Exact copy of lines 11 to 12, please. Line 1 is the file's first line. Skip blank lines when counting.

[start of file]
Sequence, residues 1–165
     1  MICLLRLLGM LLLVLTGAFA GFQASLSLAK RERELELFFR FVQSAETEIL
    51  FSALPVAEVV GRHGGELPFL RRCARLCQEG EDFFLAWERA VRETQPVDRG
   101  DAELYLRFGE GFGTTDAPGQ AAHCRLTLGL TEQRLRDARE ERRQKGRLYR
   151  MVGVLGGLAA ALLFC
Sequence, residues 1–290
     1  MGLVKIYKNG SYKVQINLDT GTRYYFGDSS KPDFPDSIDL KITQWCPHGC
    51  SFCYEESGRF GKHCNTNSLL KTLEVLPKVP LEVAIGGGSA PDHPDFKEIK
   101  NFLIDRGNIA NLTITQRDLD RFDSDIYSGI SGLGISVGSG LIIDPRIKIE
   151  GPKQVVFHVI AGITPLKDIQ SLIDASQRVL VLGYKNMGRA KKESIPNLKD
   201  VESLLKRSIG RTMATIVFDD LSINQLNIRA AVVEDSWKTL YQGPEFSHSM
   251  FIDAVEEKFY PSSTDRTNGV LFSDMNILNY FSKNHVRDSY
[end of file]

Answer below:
   201  VESLLKRSIG RTMATIVFDD LSINQLNIRA AVVEDSWKTL YQGPEFSHSM
   251  FIDAVEEKFY PSSTDRTNGV LFSDMNILNY FSKNHVRDSY